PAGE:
Our halcyon spring weather has been especially kind to gardens this year. Growth erupted earlier than usual, plants breezed through our brief heat waves, blooms flourished beyond expectations, and black spot on roses still remains in check.

When gardens appear this impressive going into summer, it's tempting to broaden our plant palette and turn to species we might otherwise shun.

Broad-leaved hostas lure us. Should we consider more azaleas? What about adding a few fluffy filipendulas or astilbes? More daylilies (Hemerocallis) or some bright red cardinal flowers (Lobelia cardinalis)?

Savvy gardeners know that these and other moisture lovers suffer during our dry summers, not only from lack of constant soil moisture but from dry air as well. It takes heavy irrigation to maintain healthy roots and foliage of many alluring non-Mediterranean species, moisture that supplies nurturing conditions below ground as well some humidity above.

Where water is plentiful, there is no dilemma, but that scenario is rare anywhere in California. Most of us don't have the luxury of unlimited supplies for long and frequent irrigation.

With a little planning and careful selection, however, we can still enjoy most of the effects that moisture-lovers bring to our gardens by opting for drought-resistant, climate-appropriate species with features evocative of more thirsty cousins.

Right plant, right place

I remember talking with a fellow gardener some years ago about why her hostas were not doing well, not as lush and wonderful as she had hoped. I jokingly told her she had planted them in the wrong place — she should try New Jersey or Minnesota.

She loved hosta's oversized, dramatic foliage, but in our climate where watering should be limited, it suffers in dry air and without constant moisture around roots. Like many other non-native, large-leaved species — Rodgersia, Gunnera, Caladium, Ligularia — ample water is essential for opulent, dramatic, super-sized foliage.

Instead, consider Phlomis russeliana, native to the Mediterranean basin. Its foliage texture and flowering habit is completely different, but its low mound of broad, evergreen, heart-shaped foliage is a welcome presence year-round with minimal irrigation. In late spring, flower stalks stand tall sporting whorled yellow blossoms that remain good-looking for weeks, even after turning rich brown.

Phlomis russeliana takes either sun or light shade, spreads slowly, and needs only an annual clean-up in fall to remove bloom stalks and faded foliage. Luxuriant new leaves appear before the old are cleared away.

For a more massive display that contrasts with low shrubs and small foliage, plant oakleaf hydrangea (Hydrangea quercifolia). Frothy, creamy white panicles in spring and summer are upstaged on this shrub by large green, deeply lobed leaves that morph into glowing orange, red, and burgundy tones in autumn. In light shade, only infrequent summer watering is needed.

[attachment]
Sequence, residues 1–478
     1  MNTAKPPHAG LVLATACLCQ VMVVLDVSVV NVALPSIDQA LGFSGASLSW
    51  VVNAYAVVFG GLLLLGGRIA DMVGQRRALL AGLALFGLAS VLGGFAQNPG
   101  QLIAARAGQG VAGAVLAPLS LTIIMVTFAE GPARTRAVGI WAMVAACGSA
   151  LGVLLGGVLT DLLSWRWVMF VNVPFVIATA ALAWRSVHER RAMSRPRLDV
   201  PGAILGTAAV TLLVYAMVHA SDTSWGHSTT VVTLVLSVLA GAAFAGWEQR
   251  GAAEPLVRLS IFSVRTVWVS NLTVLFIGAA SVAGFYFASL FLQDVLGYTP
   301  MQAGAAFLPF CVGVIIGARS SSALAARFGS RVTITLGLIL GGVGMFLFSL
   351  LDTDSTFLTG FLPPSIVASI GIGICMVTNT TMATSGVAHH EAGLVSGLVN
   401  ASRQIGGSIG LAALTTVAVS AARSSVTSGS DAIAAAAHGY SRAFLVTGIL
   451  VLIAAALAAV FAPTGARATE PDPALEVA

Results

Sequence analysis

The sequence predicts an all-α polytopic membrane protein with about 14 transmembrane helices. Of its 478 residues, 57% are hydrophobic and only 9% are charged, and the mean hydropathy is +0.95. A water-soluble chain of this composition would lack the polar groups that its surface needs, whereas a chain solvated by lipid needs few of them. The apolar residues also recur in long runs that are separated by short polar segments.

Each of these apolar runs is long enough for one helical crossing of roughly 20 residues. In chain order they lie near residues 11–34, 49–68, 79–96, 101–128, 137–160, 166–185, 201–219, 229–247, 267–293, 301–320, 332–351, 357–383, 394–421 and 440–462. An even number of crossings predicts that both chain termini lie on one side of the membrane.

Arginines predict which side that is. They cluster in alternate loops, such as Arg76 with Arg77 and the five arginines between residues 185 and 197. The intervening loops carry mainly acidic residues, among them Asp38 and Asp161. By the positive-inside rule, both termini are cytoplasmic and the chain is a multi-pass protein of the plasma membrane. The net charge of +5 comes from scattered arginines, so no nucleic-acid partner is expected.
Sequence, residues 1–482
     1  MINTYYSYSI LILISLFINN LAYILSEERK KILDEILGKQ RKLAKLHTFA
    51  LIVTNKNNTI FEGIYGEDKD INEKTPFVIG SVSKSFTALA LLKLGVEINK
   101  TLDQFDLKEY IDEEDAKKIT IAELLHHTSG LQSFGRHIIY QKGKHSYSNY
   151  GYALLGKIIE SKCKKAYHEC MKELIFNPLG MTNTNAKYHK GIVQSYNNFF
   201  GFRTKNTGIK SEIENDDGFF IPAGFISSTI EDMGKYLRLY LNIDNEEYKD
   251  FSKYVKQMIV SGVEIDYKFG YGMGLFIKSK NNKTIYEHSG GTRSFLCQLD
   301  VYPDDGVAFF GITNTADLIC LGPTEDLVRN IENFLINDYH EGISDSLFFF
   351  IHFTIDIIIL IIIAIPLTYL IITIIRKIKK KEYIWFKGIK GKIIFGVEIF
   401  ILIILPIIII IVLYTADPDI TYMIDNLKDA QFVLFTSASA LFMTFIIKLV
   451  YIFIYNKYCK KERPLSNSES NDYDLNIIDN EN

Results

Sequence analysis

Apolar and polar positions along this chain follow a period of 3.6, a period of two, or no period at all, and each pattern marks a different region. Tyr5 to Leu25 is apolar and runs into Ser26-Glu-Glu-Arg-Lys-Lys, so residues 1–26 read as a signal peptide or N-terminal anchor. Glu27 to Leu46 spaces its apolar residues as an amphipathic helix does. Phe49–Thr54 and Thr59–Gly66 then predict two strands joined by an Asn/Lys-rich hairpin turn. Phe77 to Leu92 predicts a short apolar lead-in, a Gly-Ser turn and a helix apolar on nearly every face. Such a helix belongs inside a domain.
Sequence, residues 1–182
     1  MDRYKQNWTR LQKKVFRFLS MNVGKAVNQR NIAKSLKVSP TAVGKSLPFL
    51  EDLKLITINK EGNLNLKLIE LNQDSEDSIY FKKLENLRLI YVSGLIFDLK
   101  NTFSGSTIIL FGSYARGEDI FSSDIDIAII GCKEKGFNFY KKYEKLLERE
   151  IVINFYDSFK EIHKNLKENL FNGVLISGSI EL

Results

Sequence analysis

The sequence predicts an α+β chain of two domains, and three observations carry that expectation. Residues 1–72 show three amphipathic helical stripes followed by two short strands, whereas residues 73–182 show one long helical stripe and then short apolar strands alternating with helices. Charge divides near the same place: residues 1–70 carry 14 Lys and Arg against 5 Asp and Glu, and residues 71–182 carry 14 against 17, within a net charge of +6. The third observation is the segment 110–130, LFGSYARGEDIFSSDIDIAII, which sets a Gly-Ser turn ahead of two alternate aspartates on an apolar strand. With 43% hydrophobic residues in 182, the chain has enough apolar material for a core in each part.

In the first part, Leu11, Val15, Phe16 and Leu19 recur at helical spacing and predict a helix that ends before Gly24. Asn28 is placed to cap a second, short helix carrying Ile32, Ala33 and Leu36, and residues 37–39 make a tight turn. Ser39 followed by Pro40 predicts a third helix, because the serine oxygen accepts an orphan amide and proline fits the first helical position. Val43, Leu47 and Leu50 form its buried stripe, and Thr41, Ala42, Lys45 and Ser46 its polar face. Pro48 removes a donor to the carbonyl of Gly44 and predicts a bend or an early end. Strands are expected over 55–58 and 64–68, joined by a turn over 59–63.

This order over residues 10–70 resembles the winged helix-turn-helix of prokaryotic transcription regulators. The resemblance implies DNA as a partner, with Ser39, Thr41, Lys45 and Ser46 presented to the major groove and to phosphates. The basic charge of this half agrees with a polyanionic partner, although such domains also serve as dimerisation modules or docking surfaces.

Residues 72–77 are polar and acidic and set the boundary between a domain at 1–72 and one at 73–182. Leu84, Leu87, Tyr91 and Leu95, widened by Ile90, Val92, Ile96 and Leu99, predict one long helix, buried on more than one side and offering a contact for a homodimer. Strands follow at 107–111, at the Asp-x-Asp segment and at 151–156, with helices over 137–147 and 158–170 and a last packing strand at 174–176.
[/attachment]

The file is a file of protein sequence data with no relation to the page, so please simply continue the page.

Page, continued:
Planting under trees

If we could ask them, most trees would say they prefer a circle of mulch to keep weeds at bay, their roots cool, and a dry zone around the trunk. But many homeowners like to see some decoration beneath the canopy and often keep the dry zone too moist for the tree's optimal health and longevity.

The most common treatment is lawn, which always demands water to look its best. But impatiens, azaleas, and other bright points of bloom requiring constant moisture are frequently planted.

There are options for planting in dry shade under trees, especially under our native oaks that do not tolerate moist soils in summer.

Dry Shade

Dry shade strikes many gardeners as an unfortunate condition; yet, there are many lovely plants that thrive there with little or no summer watering. Cyclamen blooms for months during the rainy season, ablaze in bright red or more sedate in pink or white. Lily turf (Liriope), particularly variegated forms, brighten shaded sights year-round.

Though Epimedium can be found in our nurseries, it isn't often planted despite being extremely tolerant of dry shade. Some forms are called bishop's hat for the shape of their pert white or pinkish blooms. Others are yellow, often with red tints.

Vinca and ivy (Hedera) are often suggested, but to avoid their invasive tendencies, forego both and opt instead for a Sonoma County native, yerba buena (Satureja douglasii).

Yerba buena extends long, thin stems cloaked with bright green foliage. Tiny white flowers bloom in spring and summer. Trim stems to keep this groundcover from spreading too far. Leaves can be dried and used for tea.

Rosemary McCreary, a Sonoma County gardener, gardening teacher and author, writes the monthly Homegrown column for The Press Democrat. Write to her at P.O. Box 910, Santa Rosa, 95402; or send fax to 664-9476.